Throughout history, there have been many zoonotic diseases that have made the jump from animal to human with disastrous consequences. Tuberculosis, Zika, Ebola and, of course, COVID-19 are all recent examples that have been in the public eye. Less well known are the people working to discover how these diseases spread and how these insights can translate to life-saving responses. Josh Quick, a specialist in the field of infectious disease genomics at the University of Birmingham, UK, focuses on the development of rapid genome sequencing for disease outbreaks around the world. “I really got interested in infectious disease via genomics by learning how to apply new and exciting genomics techniques to emerging infectious diseases,” says Josh. “I started my career in the commercial sector but ended up working at Birmingham with Nick Lowman, who had an established research programme studying infectious disease, and we collaborated to work on genetic epidemiology.”

For Josh, the crux of his work is the constant drive to develop more rapid and robust techniques for sequencing the genomes of pathogens. “I’m very much a practical scientist and my focus is on the application of research to real-time epidemiology,” he explains. Josh’s work has taken him around the world, using the latest technologies and techniques to bring fast response epidemiology to where it is needed most. “After nanopore technology became available in 2014, I was able to travel to West Africa, Central Africa, Brazil and other places to study emerging diseases on site.”

By collecting a large amount of high-quality genetic data from clinical samples, Josh and other epidemiologists have been able to provide detailed insights into how these emerging infectious diseases spread and, crucially, provide them quickly enough to help inform response efforts in real time. “In 2015, we sequenced 175 Ebola genomes (almost 5% of all known cases), which was considered to be quite a big achievement at the time,” says Josh, “but as of October 2020, the UK’s coronavirus genomics consortium has already sequenced over 81,000 SARS-CoV-2 genomes responsible for COVID-19 outbreaks,3 demonstrating how incredibly far the technology has come in just a few years!”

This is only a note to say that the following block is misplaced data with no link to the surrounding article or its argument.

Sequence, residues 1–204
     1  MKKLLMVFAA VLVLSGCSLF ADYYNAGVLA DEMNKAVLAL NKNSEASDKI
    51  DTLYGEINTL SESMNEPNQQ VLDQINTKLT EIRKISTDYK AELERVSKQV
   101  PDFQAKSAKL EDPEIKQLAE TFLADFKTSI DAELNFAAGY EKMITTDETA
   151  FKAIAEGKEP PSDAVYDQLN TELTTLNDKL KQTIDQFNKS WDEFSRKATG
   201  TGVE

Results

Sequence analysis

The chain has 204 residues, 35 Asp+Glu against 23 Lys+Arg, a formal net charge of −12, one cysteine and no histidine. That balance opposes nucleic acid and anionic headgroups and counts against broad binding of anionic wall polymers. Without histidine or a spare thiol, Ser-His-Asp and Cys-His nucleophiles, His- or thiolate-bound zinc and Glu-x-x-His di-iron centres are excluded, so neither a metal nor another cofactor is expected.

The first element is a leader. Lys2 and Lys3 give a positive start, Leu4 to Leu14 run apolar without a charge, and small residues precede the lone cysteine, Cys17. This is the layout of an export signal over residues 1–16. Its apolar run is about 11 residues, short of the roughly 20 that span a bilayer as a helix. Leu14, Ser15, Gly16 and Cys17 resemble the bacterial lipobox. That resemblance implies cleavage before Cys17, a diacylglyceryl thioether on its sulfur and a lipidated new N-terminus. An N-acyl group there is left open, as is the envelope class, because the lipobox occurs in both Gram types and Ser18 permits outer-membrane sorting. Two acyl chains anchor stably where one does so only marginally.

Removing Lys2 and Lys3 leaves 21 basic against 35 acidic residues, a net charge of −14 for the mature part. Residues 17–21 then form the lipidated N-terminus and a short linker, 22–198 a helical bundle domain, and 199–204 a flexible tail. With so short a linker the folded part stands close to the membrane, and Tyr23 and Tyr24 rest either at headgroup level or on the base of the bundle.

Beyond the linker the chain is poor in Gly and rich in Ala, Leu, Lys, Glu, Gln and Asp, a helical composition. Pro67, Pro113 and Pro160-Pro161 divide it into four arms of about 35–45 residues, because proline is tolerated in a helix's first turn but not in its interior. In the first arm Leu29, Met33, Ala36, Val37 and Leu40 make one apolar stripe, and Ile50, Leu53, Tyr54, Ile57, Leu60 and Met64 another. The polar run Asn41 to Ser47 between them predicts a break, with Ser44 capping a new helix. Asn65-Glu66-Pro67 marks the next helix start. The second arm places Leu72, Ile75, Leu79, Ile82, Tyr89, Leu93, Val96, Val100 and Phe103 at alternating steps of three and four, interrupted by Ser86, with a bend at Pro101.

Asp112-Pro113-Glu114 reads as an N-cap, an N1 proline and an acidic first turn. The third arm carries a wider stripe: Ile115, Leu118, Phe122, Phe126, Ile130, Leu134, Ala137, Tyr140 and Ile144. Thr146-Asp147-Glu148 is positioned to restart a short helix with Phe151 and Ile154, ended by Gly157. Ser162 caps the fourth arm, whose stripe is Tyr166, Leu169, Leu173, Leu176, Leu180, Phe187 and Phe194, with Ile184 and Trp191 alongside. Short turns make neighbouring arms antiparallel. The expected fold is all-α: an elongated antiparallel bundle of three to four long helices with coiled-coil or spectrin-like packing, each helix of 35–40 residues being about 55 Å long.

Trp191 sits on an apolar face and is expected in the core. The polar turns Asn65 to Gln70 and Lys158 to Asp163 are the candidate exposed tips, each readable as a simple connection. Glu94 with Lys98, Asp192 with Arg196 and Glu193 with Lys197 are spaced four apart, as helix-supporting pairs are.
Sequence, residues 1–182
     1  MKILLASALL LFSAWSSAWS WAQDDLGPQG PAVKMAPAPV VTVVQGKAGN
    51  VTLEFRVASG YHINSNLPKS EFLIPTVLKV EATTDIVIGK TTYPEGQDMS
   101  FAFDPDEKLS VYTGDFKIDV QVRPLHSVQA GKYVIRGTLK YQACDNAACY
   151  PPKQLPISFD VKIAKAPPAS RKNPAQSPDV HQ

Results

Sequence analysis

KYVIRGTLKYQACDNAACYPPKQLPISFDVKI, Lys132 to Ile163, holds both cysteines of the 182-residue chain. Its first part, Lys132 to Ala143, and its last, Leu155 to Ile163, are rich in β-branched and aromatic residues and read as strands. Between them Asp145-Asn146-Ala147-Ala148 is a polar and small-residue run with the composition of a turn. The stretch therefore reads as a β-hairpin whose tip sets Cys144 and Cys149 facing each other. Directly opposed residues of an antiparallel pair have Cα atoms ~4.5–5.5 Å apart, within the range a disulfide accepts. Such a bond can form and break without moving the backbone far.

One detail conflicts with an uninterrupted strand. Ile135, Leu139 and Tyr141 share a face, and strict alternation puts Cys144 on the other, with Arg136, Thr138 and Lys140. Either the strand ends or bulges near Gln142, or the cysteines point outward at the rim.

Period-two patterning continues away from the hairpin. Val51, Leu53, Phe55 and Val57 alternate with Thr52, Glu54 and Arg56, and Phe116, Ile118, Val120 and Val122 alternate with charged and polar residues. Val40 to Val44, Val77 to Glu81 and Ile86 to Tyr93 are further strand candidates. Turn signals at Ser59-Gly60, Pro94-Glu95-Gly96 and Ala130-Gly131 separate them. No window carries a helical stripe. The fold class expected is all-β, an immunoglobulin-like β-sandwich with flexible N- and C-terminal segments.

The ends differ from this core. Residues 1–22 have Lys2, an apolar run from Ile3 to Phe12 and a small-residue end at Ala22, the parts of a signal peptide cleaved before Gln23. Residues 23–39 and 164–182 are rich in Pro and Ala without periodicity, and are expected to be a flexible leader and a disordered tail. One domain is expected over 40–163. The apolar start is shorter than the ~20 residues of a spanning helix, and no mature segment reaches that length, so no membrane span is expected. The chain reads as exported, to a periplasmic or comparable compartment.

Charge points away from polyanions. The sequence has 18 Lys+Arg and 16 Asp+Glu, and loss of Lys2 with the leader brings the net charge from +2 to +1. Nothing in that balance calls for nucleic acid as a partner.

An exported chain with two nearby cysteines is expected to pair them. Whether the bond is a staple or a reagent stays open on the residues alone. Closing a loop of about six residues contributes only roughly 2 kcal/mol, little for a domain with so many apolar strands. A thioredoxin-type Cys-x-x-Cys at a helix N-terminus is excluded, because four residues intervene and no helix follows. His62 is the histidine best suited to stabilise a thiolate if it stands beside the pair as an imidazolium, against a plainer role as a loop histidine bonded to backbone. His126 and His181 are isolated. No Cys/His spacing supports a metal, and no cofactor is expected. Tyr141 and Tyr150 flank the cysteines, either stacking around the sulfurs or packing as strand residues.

According to Josh, the demand for genetic surveillance data in epidemiology has become so high in recent years that there has been a huge collaborative effort to analyse results and bring about responses to infectious disease in real time. “CogUK encapsulates this whole system in action,” he explains. “It’s a decentralised network of 15 labs producing fast turnaround genome data that can feed into the national picture and help to identify transmission clusters and outbreaks.” The insights of CogUK into the COVID-19 outbreaks in Wales pointed to specific genetic lineages coming from England, which led to real impacts on government policy regarding cross-border travel. “In terms of numbers of genomes produced and open collaboration, the UK has the best genomics surveillance network in the world,” says Josh. “Although, as we’re learning at the moment, a world-leading surveillance network alone isn’t enough to control the spread of disease !”

“There is a lot of experimental testing that goes into the development and deployment of these techniques,” says Josh. “We start with PCR primer pools to amplify overlapping fragments of the viral genome, which you can then sequence and replicate the viral genome for mass production.” This testing is essential because these genomes will be used by many laboratories for different projects, so they need to be robust in real-world conditions and work with clinical samples of varying quality, rather than just synthetic test samples. “We spend a lot of time testing and optimising to ensure that the products are robust,” says Josh.

One of the reasons that Josh’s work has been so successful is his emphasis on rapid response. “Speed is absolutely of the essence, which is why fast-sequencing approaches are our number one priority,” he explains. “I was able to post an early version of the SARS-CoV-2 sequencing protocol very early in the outbreak4 (January 2020) thanks to a genome sequence from Fudan University in China. It’s a great example of how rapid data sharing can benefit everyone, and my protocol has now been downloaded over 70,000 times (as of October 2020).” Josh concludes by emphasising the importance of the collaborative process in handling widespread infectious diseases such as COVID-19: “I really enjoy seeing international cooperation between scientists where impact doesn’t just end with papers and grants, but in a global effort towards this pandemic response.”